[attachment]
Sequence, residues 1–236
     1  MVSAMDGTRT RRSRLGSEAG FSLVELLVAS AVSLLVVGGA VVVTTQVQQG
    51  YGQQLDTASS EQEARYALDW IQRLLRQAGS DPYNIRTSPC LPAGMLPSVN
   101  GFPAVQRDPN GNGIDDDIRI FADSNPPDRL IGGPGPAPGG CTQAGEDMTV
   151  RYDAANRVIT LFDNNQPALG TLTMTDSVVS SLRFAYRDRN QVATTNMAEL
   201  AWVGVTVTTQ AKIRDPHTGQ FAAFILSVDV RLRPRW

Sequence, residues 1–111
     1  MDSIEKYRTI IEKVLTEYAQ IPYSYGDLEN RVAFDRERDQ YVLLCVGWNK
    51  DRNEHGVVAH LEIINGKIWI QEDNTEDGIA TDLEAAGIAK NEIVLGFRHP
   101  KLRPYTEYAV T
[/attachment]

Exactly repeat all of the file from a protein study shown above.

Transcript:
Sequence, residues 1–236
     1  MVSAMDGTRT RRSRLGSEAG FSLVELLVAS AVSLLVVGGA VVVTTQVQQG
    51  YGQQLDTASS EQEARYALDW IQRLLRQAGS DPYNIRTSPC LPAGMLPSVN
   101  GFPAVQRDPN GNGIDDDIRI FADSNPPDRL IGGPGPAPGG CTQAGEDMTV
   151  RYDAANRVIT LFDNNQPALG TLTMTDSVVS SLRFAYRDRN QVATTNMAEL
   201  AWVGVTVTTQ AKIRDPHTGQ FAAFILSVDV RLRPRW

Sequence, residues 1–111
     1  MDSIEKYRTI IEKVLTEYAQ IPYSYGDLEN RVAFDRERDQ YVLLCVGWNK
    51  DRNEHGVVAH LEIINGKIWI QEDNTEDGIA TDLEAAGIAK NEIVLGFRHP
   101  KLRPYTEYAV T